Where’s the Darn Recession?

Analyzing today’s economic conditions is a challenge.

If the world is in good economic health, you can describe the policy reasons behind that condition and identify specific stocks and sectors that will outperform the market.

You’d point to trends such as low inflation, positive real interest rates (a sign of strong growth resulting from a healthy competition for funds) and stable exchange rates (indicating that investment decisions are made on the basis of fundamentals rather than speculation).

If the world is in poor economic health, the analytic process is much the same but with very different inputs and forecasts.

You’d expect to see widespread inflation (or deflation), high unemployment, declining GDP growth (or negative growth), declining world trade and a host of poor public policy choices including high tax rates, tariffs, export subsidies, overregulation and counterproductive policies based on climate alarmism.

In either the good scenario or the bad scenario, the analyst knows how to approach policy recommendations or investment allocations.

Without being glib, if you’re in a good place, keep it going. If you’re heading in the wrong direction, turn around.

Well, what if we had both dynamics at once?

That’s a pretty good description of where the world is today. The U.S. is a good place to draw the contrast between good and bad news.

The U.S. has some of the lowest unemployment rate readings since the 1960s. Real wages have finally begun to grow slightly after years of negative readings.

Inflation is still too high (and the damage from past inflation will be with us permanently), but the dip has been undeniable. From 9.1% in June 2022 to 3.0% in June 2023, inflation (measured as CPI, year-over-year) has come far toward the Federal Reserve’s goal of 2.0%.

Of course, the stock market has been on a tear and some major indexes are inching toward new all-time highs or already there. No wonder that Joe Biden has decided to base his campaign on “Bidenomics.”

Still, the negative side of the picture is in plain sight.

U.S. industrial production has been declining for over a year. Some economists claim that manufacturing is a shrinking part of U.S. GDP and that services dominate economic growth.

That’s true as a first approximation, but it ignores the fact that much demand for services comes from those who work in factories, mines and assembly lines.

If the factory is closed, no one laid off will be buying tickets to the Taylor Swift concert.

Also, bank lending is contracting, and credit conditions are being tightened. This doesn’t mean a full-scale credit crunch is upon us or that the economy is falling off a cliff.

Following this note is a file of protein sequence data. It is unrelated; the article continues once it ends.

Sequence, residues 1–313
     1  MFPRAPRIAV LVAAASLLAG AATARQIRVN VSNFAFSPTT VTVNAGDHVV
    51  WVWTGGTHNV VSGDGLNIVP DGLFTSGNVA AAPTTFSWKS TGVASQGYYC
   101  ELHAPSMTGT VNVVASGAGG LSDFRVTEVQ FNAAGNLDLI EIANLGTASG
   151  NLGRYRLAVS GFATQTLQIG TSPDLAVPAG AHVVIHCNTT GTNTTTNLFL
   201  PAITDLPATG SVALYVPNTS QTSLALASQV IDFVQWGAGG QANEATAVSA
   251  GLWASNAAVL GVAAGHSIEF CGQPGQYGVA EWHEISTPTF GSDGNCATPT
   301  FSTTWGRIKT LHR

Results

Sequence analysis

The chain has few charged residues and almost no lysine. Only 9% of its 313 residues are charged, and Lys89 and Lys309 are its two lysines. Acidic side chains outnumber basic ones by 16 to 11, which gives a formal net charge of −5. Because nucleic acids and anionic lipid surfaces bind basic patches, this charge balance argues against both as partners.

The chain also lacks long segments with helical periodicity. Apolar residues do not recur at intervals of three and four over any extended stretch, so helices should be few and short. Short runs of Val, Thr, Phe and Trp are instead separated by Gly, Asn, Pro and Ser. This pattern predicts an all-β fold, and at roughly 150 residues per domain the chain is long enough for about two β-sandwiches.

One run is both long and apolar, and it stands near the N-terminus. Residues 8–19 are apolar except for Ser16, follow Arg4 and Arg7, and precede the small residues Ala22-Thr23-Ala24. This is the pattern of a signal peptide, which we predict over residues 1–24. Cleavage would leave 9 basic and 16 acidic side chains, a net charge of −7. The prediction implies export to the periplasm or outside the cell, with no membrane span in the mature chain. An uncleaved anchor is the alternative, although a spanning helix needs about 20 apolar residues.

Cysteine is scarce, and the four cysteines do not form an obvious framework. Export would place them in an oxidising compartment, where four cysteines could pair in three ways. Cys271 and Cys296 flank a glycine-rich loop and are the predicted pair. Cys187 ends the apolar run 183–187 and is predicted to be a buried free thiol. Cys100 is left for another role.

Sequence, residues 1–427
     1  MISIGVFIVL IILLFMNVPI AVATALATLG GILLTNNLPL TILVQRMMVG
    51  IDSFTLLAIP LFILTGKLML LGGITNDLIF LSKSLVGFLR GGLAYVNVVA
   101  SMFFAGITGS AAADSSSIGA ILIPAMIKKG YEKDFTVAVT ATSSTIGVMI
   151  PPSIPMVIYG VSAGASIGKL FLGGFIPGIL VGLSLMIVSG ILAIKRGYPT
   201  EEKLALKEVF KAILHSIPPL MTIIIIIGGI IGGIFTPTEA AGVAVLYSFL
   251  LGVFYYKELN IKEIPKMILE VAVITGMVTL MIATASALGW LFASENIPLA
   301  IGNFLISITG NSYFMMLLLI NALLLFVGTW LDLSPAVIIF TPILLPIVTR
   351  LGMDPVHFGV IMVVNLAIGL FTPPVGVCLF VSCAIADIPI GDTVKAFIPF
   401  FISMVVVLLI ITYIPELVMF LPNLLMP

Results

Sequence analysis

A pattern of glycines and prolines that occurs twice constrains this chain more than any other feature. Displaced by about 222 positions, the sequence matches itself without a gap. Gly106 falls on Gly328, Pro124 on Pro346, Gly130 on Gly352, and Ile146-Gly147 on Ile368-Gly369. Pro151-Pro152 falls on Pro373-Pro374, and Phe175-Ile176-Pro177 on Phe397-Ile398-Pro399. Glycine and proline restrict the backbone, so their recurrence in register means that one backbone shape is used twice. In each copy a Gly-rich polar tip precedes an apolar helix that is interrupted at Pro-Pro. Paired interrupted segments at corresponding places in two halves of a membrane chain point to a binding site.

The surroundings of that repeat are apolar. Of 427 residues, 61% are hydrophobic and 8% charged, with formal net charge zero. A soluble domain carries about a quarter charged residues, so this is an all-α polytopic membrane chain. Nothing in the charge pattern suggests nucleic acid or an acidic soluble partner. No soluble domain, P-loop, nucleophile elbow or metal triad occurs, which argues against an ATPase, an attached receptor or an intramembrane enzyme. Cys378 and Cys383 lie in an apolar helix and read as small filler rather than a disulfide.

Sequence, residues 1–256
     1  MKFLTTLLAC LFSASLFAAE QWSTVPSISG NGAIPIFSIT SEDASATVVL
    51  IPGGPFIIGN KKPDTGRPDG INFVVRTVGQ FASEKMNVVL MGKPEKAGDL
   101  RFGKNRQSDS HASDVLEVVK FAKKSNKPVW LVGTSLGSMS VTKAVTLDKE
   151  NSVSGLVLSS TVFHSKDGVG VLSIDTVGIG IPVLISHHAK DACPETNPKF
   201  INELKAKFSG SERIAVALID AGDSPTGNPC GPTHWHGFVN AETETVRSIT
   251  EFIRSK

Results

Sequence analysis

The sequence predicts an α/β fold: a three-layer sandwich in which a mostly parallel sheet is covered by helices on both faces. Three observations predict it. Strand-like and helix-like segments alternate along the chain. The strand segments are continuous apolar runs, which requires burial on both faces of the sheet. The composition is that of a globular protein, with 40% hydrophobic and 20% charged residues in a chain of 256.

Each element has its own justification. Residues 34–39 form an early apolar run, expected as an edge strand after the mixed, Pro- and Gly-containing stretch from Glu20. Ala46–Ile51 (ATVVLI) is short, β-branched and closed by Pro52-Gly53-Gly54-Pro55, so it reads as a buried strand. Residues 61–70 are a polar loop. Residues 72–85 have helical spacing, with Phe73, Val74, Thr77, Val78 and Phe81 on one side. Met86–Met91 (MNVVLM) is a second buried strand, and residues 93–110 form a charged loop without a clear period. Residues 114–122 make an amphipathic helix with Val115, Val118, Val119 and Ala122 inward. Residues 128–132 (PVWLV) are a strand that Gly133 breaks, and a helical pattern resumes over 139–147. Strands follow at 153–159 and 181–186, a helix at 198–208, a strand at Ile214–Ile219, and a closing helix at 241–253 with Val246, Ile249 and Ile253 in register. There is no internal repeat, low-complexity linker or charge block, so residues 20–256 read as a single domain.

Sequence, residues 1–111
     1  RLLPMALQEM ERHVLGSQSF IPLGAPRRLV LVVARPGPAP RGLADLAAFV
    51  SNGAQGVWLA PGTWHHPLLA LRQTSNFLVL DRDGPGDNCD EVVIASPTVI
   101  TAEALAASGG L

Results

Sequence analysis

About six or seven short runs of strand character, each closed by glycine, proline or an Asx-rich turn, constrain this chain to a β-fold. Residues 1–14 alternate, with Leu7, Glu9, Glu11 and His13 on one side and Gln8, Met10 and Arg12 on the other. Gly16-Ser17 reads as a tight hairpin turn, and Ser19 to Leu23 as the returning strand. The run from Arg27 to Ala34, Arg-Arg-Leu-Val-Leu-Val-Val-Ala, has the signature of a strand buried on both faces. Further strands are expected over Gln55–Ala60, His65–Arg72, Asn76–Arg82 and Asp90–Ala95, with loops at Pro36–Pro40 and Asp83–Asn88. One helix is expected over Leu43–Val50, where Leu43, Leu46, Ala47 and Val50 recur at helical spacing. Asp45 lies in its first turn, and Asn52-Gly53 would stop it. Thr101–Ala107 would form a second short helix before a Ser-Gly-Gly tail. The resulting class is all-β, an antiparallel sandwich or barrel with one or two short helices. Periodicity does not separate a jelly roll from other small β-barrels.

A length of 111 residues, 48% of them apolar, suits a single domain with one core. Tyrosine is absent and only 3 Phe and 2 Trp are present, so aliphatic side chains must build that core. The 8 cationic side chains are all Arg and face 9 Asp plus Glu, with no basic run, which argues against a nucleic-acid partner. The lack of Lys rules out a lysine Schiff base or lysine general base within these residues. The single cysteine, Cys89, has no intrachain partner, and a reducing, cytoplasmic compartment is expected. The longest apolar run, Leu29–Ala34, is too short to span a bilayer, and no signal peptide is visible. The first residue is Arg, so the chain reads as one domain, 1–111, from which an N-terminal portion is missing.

It does mean that a trend toward reduced liquidity is in place and will likely grow worse until it leads to business failures and bad debts.

What about the world beyond U.S. shores?

The EU is already in recession and Japan and the U.K. are close to zero growth and heading toward recession fast. Within the EU, individual recessions have hit in Germany and Ireland, with Italy and France showing growth barely above zero.

The idea of a real recession in China may seem incomprehensible, but we may be witnessing one.

The “reopening” narrative following the end of the ridiculous Zero COVID policy was always a myth (and I said so last year) but Wall Street bought into it until the data made its failure undeniable.

Today, China is not only underperforming the narrative, it’s slipping close to contraction.

The point is with the EU, China, Japan, the U.K. and others in recession or close to it, how can the U.S. expect to remain afloat?

Globalization may be on the decline, but it’s still the dominant path to global production. Aggregate world trade may be shrinking, but it’s still a large part of global GDP on a country-by-country basis.

How can the world shrink while the U.S. grows?

That won’t happen unless U.S. growth is so strong it pulls the world out of a collective rut. There’s no evidence for that. So there’s the dilemma.

Ample signs of growth are surrounded by large and growing signs of an economic stall. The U.S. is showing relatively strong growth, while the rest of the world coasts to a halt.

How do we reconcile the data? Where do we go from here?

Read on for the answers…

Time Will Catch up to the U.S.

By Jim Rickards

Why does the U.S. economy look so strong in comparison with the rest of the world? The answer is timing.

The economy does not go from growth to recession like throwing a switch. It takes time. The positive signs are real but they’re fading. The negative signs are real and they’re growing. Some data lead the economy; other data follow with a lag. It’s the analyst’s job to know which is which, and to focus on trends, not snapshots.

First off, low unemployment may not be a source of comfort because employment trends tend to lag the economy. The latest unemployment report (July’s) showed an unemployment rate of 3.5%, among the lowest since the 1960s.

That’s a healthy report on its face but there are two serious characteristics that need to be taken into account. The first involves what’s known as the labor force participation rate (LFPR).

This counts all of the working-age population of the U.S. who do not have jobs as a percentage of the total working-age population. That’s different from the unemployment rate because to be counted as “unemployed” you must be looking for a job.